The commerce ministry reported a robust 36.3% rise in September exports while the import number rose 17.2% to $24.8 billion and $34.5 billion, respectively, leaving a trade deficit of $9.7 billion.
The government has set target of $300 billion from exports this fiscal.
During the first half (H1), exports grew by 52% to $160 billion from $105.2 billion in the same period last year, while imports expanded by 32.4% to $233.5 billion, leaving a trade gap of $73.4 billion for the half year.
Oil imports grew by 14.62% to $9.2 billion in September, while non-oil imports rose by 18.17% to $25.3 billion in the reporting.
During the April-September period, oil imports grew by 42.39% to $70.34 billion from $49.4 billion in the year-ago period. Non-oil imports were valued at $163.1 billion, an increase of 28.52% from $126.95 billion.
Mr Khan also termed the $318-billion forex reserves as ‘borrowed money’ kept for times of ‘extreme distress’.
Improving exports, he said, will allow the country a greater flexibility for its imports which will in turn give access to the best of goods and services.
On the trade payment issue with Iran, Mr Khan said, “to all those sanctions-compliant exports, we are trying to provide a rupee window. So some money in the rupee account will be available with two three domestic banks and it is going to be available shortly.”
Last December, the RBI had stopped oil payments in dollar payments to Iran due to sanctions by the US. Since then payments have been made over a lengthy period and so far no lasting solution has been worked out as yet.
“Around one-third of our exports go to advanced economies and buyers there are playing safe on account of the ongoing slowdown. RBI’s decision to extend the relaxation has a lot to do with that,” FIEO director general Ajay Sahai said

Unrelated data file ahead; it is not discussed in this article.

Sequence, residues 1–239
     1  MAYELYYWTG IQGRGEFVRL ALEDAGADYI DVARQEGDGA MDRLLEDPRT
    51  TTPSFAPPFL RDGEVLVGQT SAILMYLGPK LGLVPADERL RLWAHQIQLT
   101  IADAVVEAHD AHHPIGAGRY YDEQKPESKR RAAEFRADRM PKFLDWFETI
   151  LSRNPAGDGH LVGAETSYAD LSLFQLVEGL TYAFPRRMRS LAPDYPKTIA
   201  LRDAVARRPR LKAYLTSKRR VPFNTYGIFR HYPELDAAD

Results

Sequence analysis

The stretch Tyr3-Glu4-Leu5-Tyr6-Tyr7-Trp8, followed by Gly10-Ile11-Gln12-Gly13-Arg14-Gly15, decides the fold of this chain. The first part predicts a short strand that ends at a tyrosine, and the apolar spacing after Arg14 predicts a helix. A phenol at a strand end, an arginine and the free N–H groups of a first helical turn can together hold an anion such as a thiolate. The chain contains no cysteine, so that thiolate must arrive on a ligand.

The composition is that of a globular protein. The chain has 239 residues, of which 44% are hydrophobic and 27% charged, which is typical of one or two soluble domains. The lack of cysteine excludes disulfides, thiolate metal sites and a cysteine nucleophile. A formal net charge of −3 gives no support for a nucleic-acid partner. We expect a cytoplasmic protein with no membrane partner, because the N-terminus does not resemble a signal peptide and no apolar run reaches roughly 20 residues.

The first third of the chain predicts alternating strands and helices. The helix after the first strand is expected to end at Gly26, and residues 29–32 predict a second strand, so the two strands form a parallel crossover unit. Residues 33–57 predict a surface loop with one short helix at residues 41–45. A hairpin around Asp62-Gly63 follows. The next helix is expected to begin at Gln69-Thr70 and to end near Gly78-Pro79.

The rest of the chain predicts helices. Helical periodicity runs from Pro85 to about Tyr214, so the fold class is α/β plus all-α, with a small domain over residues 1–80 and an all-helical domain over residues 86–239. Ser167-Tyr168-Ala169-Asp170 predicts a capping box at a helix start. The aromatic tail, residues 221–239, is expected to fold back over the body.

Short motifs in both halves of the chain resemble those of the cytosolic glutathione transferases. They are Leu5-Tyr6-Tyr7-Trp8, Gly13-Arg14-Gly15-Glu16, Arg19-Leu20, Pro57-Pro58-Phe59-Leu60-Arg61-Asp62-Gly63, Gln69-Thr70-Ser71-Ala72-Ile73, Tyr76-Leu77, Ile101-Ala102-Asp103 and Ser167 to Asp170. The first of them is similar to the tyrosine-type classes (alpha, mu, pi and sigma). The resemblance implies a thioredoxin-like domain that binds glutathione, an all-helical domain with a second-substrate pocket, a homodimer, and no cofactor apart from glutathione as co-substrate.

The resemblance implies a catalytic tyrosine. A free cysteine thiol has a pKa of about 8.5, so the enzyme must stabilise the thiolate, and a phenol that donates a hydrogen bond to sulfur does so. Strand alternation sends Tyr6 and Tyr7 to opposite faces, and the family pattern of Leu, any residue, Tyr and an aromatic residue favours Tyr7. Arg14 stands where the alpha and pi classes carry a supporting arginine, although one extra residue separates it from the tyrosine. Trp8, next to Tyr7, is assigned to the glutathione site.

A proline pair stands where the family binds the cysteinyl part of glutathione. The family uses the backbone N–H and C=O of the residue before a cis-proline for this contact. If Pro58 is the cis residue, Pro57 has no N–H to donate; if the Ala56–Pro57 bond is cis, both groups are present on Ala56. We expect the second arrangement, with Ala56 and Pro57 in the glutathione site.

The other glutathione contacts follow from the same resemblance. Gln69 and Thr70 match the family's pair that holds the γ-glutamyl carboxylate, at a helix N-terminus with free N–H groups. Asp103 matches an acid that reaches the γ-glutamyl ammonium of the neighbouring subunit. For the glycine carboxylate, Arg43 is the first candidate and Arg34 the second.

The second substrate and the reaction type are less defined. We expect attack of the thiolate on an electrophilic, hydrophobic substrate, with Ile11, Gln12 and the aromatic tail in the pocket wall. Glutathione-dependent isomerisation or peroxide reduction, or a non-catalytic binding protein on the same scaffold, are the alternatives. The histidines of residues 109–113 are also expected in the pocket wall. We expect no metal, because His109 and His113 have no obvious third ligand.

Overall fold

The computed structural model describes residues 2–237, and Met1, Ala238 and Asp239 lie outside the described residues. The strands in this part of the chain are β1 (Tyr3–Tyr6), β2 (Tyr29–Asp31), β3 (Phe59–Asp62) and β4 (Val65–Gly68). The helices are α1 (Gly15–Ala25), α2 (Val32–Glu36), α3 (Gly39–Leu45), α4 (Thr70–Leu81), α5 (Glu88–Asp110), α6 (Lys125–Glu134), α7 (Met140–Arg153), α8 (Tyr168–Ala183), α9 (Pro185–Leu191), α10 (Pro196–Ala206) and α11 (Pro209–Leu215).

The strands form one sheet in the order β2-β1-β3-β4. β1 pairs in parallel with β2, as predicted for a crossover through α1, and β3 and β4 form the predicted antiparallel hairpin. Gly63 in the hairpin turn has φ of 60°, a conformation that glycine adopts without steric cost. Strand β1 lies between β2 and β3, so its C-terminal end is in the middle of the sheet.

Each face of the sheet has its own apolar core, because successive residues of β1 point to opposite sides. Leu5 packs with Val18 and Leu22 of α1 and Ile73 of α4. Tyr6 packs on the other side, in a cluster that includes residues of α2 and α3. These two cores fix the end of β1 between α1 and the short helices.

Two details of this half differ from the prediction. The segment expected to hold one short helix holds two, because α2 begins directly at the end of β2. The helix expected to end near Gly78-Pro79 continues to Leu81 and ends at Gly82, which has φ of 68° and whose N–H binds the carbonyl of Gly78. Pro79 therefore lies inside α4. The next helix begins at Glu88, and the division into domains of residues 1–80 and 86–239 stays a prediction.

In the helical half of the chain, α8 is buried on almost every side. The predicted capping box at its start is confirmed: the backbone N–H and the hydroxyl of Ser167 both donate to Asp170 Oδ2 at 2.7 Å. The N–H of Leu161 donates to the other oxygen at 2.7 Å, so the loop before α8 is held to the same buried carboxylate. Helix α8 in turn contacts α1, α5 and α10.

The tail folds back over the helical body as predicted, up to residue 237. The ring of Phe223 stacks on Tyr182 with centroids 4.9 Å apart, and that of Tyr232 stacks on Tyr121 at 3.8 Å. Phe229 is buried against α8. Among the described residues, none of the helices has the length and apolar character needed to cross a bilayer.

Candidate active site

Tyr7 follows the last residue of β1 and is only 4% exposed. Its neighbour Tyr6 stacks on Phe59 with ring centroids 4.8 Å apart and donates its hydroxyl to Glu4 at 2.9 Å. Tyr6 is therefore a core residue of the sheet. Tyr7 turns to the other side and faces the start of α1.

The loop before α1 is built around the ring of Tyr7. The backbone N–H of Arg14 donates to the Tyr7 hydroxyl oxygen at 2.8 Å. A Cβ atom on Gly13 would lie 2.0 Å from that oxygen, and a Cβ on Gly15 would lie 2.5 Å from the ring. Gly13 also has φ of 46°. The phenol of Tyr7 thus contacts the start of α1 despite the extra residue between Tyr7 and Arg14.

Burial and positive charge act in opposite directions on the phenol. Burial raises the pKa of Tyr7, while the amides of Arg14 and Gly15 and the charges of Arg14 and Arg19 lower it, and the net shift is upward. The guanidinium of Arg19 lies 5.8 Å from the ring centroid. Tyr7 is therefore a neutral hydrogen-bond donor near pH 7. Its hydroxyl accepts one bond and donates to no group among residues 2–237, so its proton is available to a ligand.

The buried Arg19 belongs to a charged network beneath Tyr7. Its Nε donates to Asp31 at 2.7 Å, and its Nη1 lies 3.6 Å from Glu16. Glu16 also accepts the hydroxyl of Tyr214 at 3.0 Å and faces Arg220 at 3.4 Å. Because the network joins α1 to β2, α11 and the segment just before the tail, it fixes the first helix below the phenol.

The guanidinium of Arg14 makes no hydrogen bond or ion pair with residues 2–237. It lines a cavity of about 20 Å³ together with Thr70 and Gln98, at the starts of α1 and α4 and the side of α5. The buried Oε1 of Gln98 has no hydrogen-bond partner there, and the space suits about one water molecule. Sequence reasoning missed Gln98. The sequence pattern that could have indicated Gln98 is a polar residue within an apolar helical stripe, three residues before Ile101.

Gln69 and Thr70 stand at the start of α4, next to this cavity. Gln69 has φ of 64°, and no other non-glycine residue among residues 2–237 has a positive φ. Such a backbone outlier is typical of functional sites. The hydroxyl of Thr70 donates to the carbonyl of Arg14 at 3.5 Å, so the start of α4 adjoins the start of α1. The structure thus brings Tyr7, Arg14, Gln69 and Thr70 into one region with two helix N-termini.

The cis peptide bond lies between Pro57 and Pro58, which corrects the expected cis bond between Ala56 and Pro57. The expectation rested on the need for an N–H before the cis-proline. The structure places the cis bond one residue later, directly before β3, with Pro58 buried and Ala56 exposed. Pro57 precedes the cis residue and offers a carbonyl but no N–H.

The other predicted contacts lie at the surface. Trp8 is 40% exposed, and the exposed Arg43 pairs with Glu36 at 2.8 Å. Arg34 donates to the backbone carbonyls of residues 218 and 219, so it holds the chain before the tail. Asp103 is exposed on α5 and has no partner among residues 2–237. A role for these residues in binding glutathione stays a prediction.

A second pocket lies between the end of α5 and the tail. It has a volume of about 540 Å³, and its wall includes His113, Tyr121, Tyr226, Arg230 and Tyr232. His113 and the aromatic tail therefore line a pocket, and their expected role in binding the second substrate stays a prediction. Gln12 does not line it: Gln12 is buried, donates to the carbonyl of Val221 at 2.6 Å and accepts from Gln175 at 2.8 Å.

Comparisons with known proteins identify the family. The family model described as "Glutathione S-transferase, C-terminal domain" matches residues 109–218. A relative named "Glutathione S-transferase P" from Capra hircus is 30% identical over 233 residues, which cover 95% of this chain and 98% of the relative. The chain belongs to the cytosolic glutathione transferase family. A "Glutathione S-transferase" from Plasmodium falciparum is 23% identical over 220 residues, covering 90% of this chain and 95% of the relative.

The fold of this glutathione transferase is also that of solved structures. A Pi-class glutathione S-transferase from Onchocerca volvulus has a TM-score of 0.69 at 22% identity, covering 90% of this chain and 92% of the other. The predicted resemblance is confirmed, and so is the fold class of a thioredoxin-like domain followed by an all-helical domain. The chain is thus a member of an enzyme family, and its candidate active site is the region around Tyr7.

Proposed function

Mumbai: The Reserve Bank of India (RBI) on Tuesday extended the flexibility to exporters to repatriate their remittances up to a year, in the face of difficult business environment in world’s developed markets, reports PTI.
The RBI had in June 2008, relaxed the norms for repatriation of payments to be received by exporters of goods and services. It allowed up to one year, instead of six months earlier, for such remittances.
The liberalised norms will continue till 30 September 2012, RBI said in a notification.
“It has been decided to further extend by one year—from 1 October 2011 till 30 September 2012, the relaxation with respect to the period of realisation and repatriation to India, of the amount representing the full value of goods or software exported, from six months to 12 months from the date of export...” RBI said.
Exporters welcomed the move, stating it would help them in marketing their products and services.
“Buyers are more attracted if the credit period is longer,” Federation of Indian Export Organisations (FIEO) director general Ajay Sahai said.
He said the situation in major economies like the US and European Union is difficult.
“Around one-third of our exports go to advanced economies and buyers there are playing safe on account of the ongoing slowdown. RBI’s decision to extend the relaxation has a lot to do with that,” Mr Sahai said.
India’s merchandise exports aggregated $246 billion 11 and services, comprising mainly of IT and IT-enabled jobs shipped were valued at $131 billion in 2010-11.